As discussed above, an importer's duty is not fixed until liquidation. Therefore, despite the fact that Parkdale enjoyed liquidation at Stelco's dumping margin for several years, it, nevertheless, could not have an objectively reasonable settled expectation that it would not, at some point, be subjected to a different margin. This is especially so because an overriding purpose of Commerce's administration of antidumping laws is to calculate dumping margins as accurately as possible, and this requires altering dumping rates to reflect changes in, inter alia, policy or commercial realities. See, e.g., Rhone Poulenc, Inc. v. United States, 899 F.2d 1185, 1191 (Fed. Cir.1990). Moreover, since 1998, Parkdale was on notice that Commerce might adopt the Reseller Policy. In view of the additional notice Commerce provided in 2002 and the comments Parkdale submitted in response, it undoubtedly had fair notice of the change. Finally, after its comments in April 2002, because Parkdale could reasonably anticipate that adoption of the Reseller Policy was imminent, it ceased to have a credible claim to reasonable reliance on the assumption that Commerce would nevertheless continue to apply its previous reseller policy in future administrative reviews.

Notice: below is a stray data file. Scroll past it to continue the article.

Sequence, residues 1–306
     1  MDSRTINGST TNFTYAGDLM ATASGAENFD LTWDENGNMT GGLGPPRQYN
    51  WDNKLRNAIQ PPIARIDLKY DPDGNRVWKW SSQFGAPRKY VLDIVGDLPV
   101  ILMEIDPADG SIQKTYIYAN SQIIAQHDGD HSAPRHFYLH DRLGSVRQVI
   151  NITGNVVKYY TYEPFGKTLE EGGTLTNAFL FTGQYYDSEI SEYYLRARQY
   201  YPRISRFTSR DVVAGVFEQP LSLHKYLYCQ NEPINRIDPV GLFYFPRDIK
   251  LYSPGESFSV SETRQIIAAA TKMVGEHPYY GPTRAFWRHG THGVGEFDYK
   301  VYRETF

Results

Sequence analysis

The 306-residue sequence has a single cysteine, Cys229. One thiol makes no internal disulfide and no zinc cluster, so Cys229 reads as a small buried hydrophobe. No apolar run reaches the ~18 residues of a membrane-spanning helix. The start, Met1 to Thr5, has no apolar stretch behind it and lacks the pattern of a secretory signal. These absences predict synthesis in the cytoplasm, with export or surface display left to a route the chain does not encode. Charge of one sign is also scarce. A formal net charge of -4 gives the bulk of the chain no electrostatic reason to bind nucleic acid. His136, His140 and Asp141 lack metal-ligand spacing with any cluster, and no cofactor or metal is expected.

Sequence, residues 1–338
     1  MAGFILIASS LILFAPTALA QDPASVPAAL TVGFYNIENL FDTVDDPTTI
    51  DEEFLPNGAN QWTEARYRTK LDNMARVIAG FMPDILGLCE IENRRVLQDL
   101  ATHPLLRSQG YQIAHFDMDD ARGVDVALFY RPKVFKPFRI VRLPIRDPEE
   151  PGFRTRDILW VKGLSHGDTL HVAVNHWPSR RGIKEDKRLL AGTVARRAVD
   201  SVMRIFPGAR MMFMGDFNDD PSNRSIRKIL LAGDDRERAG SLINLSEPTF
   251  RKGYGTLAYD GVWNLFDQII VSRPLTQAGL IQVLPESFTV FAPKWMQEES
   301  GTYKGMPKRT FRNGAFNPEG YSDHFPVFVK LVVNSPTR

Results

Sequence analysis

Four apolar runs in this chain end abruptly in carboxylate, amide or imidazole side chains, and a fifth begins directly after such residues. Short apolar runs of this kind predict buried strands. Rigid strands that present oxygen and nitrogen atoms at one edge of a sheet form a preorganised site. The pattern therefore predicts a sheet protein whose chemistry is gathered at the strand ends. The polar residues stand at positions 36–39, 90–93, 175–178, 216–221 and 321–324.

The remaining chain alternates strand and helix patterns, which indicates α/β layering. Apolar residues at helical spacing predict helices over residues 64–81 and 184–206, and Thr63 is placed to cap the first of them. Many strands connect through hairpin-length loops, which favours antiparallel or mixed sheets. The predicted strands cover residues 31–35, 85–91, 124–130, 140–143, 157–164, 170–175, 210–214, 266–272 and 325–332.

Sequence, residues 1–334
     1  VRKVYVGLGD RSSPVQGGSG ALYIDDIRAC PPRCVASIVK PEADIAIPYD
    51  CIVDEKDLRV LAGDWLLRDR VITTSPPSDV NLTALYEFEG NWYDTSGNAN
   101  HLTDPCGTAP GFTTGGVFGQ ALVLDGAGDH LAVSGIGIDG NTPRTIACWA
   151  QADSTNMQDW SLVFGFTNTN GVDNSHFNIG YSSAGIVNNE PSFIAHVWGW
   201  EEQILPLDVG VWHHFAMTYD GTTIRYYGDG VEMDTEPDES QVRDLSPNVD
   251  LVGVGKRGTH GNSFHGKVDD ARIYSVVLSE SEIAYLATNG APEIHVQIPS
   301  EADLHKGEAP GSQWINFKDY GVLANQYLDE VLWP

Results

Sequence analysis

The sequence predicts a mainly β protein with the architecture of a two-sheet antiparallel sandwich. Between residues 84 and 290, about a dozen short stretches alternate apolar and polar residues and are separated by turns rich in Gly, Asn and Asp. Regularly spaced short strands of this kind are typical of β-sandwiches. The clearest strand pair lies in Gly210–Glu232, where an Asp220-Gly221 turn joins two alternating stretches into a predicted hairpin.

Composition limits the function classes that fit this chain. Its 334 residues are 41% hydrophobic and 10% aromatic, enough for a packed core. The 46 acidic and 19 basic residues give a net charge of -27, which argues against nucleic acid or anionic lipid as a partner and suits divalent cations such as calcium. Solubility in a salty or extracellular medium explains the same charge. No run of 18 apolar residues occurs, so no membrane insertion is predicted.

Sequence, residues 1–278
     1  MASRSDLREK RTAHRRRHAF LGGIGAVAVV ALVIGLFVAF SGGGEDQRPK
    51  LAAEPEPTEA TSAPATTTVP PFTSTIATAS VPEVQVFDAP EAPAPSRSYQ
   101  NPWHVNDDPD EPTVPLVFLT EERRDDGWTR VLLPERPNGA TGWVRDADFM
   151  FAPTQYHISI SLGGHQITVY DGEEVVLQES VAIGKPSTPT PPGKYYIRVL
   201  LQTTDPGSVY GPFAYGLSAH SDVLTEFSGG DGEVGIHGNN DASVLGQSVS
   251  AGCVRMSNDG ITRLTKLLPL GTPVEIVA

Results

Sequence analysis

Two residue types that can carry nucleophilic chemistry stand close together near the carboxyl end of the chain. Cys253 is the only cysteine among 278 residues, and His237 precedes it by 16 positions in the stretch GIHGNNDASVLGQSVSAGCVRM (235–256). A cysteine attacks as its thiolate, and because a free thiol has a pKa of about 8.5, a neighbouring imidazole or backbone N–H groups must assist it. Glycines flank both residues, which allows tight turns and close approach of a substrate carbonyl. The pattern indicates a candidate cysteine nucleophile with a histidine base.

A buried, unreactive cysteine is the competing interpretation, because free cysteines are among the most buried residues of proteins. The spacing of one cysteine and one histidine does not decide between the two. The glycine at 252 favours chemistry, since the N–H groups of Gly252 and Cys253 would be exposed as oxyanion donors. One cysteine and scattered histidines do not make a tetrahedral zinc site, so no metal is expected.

Accordingly, the judgment of the United States Court of International Trade is affirmed.





Russell Metals Export was a plaintiff in the proceeding before the Court of International Trade, but did not file a notice of appeal here